It's pretty rare for a 600-page tome written by a federal committee to be a compelling read. But The 9/11 Commission Report has not only proved to be a populist bestseller, but it's also earned a citation as one of five nonfiction nominees for this year's National Book Awards. The report, issued in July by the commission investigating the security failures behind the 9/11 terrorist attacks, is the first such book nominated in more than 30 years; in 1973, a similar government report on the riot at New York's Attica prison also made the list. The 9/11 Commission Report joins Kevin Boyle's Arc of Justice: A Saga of Race, Civil Rights, and Murder in the Jazz Age, David Hackett Fischer's Washington's Crossing, Jennifer Gonnerman's Life on the Outside: The Prison Odyssey of Elaine Bartlett, and Stephen Greenblatt's Will in the World: How Shakespeare Became Shakespeare among nonfiction books cited.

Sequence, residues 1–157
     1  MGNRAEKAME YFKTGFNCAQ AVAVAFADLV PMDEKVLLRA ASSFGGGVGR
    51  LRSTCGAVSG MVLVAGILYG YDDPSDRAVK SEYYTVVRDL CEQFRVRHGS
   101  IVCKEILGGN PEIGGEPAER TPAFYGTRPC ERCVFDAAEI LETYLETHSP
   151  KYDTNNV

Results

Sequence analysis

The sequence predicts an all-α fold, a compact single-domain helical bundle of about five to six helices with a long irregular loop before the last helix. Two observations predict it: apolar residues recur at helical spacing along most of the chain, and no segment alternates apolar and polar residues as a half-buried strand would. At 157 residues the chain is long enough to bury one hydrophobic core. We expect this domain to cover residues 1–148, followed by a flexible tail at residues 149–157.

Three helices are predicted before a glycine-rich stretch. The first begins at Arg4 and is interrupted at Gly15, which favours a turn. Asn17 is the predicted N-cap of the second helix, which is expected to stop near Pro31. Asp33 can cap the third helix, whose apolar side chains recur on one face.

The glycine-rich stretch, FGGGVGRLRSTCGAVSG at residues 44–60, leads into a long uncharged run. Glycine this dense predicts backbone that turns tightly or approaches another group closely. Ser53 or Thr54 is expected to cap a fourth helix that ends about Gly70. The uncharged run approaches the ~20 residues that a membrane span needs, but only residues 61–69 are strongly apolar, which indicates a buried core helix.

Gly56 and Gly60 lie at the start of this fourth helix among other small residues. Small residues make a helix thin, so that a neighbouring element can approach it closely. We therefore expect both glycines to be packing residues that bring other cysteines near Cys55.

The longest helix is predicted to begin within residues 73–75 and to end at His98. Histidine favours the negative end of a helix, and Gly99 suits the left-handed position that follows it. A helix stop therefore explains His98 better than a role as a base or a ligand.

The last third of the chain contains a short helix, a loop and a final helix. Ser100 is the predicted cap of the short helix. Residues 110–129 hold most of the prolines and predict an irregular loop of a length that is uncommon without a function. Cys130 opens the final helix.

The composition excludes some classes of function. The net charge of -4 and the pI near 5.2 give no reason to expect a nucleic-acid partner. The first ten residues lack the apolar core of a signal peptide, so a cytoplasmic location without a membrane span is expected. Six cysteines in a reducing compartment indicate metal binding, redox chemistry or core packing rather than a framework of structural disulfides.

Big-name authors were generally absent from the list, announced Wednesday by Garrison Keillor. That was especially true on the fiction list, where heavyweights like Philip Roth were bypassed in favor of first-time novelists Sarah Shun-lien Bynum (Madeleine is Sleeping) and Christine Schutt (Florida), as well as Joan Silber (Ideas of Heaven), Lily Tuck (News of Paraguay), and Kate Walbert (Our Kind: A Novel in Stories). The winners are to be named at a Nov. 17 banquet in Manhattan. The top authors win $10,000 and a bronze statue, while the nominees get $1,000 and a bronze medal. Not sure how the 10 authors of The 9/11 Commission Report will divide that.